The Turkish language doesn’t have an alphabet of its own. In the 1920s, the establishment of the Republic of Turkey was accompanied by a language reform, which introduced a whole new alphabet based on a modified version of the Latin script.
In the Ottoman era, modified forms of Arabic letters have been used in Turkish writing. Additionally, since the early 1700s until as late as the mid-20th century, Turkish has been written using the set of the Armenian letters. This has unsurprisingly been a common practice among Turkish-speaking Armenians who had either lost their own language or found that using the Armenian alphabet is far more advantageous than employing the complicated Arabic writing.
And indeed, modern Turkish matches with the Armenian set-up much more than with the Arabic writing: both Turkish and Armenian languages featured separate letters for separate sounds and were written from left to right, while the use of Arabic implied cumbersome modifications and left-to-right writing. In the late period of the Ottoman Empire, it has been even proposed to adopt the Armenian alphabet as the official writing of the Ottoman Turkish, especially given the fact the Ottoman elite has been familiar with the Armenian writing system.
Armeno-Turkish could be described as a cultural expression rather than just a mere set of letters. After all, it is an artifact of Turkish-speaking Armenians that survived for at least one generation after the 1915 Armenian Genocide. One of the earliest novels in Turkish, Akabi Hikayesi (“Akabi’s Story”) by Hovsep Vartanian, has been written in Armeno-Turkish. Many 19th-century prayer books were published in Armeno-Turkish as well, mostly by American missionary groups, which would allow many Armenians to practice Christianity, study the Bible, and pray.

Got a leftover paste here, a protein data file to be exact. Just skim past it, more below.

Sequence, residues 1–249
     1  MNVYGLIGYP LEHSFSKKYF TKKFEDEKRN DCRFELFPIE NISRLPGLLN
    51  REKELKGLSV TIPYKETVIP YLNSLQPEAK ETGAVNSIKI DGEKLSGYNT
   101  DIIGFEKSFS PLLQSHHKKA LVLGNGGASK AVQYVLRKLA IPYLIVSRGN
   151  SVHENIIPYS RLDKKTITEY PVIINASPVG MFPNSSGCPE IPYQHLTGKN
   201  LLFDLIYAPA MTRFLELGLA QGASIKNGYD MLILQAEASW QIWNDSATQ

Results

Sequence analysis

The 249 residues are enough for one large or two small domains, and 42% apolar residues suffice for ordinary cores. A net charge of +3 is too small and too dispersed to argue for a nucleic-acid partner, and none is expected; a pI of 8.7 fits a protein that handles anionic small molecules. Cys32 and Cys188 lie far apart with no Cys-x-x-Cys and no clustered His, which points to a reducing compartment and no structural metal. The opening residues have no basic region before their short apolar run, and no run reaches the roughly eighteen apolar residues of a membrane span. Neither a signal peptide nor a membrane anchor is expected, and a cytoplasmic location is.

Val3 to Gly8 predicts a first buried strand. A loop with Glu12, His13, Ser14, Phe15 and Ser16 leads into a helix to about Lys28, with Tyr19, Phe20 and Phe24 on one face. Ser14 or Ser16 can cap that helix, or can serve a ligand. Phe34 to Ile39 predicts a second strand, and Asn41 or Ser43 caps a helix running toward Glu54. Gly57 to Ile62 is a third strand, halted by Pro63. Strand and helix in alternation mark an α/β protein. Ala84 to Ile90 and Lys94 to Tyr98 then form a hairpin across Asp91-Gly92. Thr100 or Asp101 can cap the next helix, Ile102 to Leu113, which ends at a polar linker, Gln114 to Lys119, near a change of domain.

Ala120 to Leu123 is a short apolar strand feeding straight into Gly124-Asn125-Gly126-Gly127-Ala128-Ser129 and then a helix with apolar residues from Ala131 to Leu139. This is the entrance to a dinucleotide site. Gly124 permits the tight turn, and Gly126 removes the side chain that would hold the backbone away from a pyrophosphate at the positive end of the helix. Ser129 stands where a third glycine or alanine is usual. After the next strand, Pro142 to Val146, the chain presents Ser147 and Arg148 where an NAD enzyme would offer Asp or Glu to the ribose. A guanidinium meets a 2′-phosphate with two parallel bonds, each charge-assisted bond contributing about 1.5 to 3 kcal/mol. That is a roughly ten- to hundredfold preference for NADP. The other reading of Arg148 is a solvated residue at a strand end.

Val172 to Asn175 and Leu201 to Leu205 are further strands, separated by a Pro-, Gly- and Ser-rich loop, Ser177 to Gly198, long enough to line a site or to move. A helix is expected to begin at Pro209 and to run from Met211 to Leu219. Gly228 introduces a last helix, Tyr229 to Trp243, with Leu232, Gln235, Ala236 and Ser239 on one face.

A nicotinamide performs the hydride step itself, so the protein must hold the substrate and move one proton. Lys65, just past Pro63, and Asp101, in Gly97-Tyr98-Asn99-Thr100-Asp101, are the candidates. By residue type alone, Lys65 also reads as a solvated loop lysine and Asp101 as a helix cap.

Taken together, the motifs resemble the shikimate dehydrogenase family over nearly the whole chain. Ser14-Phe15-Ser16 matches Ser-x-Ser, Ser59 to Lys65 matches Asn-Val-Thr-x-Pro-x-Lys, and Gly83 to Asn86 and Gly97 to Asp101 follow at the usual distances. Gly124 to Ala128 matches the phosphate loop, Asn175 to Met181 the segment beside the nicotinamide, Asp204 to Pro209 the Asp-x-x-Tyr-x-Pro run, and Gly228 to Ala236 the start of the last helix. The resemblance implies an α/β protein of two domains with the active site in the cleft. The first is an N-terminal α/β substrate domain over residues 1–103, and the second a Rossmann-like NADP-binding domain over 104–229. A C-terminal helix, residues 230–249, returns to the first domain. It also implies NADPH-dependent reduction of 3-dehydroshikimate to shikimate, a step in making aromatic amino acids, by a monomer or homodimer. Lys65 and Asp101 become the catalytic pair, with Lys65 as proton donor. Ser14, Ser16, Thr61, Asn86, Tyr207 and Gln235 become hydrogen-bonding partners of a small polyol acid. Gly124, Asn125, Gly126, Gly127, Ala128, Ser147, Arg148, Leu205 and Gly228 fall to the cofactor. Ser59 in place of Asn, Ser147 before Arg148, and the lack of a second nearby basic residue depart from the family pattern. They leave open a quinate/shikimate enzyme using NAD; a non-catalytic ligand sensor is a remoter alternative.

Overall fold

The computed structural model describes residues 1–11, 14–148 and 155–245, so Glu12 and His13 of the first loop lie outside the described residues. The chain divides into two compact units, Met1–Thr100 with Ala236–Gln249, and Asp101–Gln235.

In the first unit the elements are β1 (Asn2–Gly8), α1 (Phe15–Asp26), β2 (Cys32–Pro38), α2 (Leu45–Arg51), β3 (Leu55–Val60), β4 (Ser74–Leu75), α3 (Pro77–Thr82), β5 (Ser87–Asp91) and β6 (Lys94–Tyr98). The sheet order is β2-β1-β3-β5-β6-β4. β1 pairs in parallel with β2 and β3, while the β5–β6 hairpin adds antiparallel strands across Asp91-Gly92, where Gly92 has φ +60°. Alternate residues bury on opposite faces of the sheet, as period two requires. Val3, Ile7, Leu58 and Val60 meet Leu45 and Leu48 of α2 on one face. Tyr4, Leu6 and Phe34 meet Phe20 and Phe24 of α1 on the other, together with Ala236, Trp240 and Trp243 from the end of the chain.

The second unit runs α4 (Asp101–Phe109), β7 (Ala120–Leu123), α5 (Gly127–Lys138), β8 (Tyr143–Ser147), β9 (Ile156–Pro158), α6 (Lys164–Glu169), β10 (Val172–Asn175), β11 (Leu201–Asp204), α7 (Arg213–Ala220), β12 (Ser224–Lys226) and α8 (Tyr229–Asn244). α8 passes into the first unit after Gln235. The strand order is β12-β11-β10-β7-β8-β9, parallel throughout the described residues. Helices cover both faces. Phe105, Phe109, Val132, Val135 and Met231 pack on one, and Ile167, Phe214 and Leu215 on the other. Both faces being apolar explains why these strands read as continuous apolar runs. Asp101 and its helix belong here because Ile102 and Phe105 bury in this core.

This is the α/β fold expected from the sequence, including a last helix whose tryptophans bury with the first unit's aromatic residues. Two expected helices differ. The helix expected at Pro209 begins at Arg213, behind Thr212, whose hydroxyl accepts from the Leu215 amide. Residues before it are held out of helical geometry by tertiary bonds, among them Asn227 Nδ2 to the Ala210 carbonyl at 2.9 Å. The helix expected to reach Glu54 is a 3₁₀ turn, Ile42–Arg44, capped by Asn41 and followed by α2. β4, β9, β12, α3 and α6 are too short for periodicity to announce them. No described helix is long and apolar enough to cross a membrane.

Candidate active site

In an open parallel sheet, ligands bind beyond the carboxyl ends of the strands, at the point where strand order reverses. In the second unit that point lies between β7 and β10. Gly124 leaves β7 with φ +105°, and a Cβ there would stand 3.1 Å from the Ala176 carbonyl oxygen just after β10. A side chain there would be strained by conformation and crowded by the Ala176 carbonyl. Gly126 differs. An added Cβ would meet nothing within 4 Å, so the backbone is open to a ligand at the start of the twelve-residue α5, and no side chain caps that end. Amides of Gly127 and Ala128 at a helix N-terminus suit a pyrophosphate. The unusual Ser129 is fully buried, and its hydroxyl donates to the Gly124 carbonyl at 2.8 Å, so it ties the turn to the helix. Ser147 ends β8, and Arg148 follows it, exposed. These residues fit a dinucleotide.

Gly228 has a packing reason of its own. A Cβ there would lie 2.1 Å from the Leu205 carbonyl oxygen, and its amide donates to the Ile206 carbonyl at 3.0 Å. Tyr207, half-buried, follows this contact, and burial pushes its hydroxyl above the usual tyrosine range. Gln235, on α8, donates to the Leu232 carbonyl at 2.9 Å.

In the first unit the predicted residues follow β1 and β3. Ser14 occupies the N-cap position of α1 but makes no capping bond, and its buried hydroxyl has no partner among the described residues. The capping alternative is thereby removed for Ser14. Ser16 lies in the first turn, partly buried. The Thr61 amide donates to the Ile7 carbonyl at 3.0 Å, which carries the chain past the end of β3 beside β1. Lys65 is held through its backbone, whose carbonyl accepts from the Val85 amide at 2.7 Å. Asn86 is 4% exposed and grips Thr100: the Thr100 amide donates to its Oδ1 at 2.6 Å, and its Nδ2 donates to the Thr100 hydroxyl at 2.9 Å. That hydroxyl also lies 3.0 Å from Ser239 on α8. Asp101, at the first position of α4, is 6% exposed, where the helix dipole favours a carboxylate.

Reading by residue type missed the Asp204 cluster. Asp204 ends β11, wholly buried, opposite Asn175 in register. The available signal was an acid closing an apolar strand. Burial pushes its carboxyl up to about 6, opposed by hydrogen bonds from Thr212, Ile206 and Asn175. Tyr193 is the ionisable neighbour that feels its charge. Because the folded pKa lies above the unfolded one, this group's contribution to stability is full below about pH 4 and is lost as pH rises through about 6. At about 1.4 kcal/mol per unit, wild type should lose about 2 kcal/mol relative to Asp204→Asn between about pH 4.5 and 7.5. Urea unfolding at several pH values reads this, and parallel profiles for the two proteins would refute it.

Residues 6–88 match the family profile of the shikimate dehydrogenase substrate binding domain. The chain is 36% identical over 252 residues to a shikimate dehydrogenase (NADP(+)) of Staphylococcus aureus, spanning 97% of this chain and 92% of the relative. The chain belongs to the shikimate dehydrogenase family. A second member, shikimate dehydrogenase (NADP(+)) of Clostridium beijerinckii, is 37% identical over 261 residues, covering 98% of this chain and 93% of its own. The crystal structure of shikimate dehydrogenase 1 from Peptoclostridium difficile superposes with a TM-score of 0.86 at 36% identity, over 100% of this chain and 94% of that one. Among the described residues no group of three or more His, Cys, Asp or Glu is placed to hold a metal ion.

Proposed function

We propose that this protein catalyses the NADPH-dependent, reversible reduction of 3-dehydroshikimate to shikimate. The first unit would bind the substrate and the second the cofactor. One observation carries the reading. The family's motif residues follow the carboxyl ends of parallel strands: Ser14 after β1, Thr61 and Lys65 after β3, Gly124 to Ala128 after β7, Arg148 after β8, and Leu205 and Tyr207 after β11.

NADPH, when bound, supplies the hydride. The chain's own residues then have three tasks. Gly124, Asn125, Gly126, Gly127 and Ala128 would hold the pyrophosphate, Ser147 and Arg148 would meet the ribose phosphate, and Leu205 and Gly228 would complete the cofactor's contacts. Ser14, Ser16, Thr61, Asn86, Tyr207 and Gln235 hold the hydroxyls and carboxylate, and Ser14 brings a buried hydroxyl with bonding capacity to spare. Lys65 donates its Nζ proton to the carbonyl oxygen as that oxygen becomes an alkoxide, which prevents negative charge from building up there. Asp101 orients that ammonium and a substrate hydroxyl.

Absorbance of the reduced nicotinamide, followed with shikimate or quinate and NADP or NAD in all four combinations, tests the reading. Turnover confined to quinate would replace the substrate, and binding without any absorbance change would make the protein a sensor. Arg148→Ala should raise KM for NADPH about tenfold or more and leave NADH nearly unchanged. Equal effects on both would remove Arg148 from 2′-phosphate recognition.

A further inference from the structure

During that era and even decades after the Genocide, Armeno-Turkish newspapers were published as well. Faded signs of Armeno-Turkish can be also found in the streets of present-day Istanbul. The last Armeno-Turkish book was published in Buenos Aires in 1968.
Prior to the emergence of the Armeno-Turkish writing, the Armenian alphabet has been used during the 17th century for another Turkic language, Kipchak, which has been used in the territory now known as Poland and Ukraine. The local Armenian communities adopted Kipchak over generations and put together unique works written in Kipchak with Armenian letters. Both Armeno-Turkish and Armeno-Kipchak writing systems used the pronunciation of Western Armenian as a basis.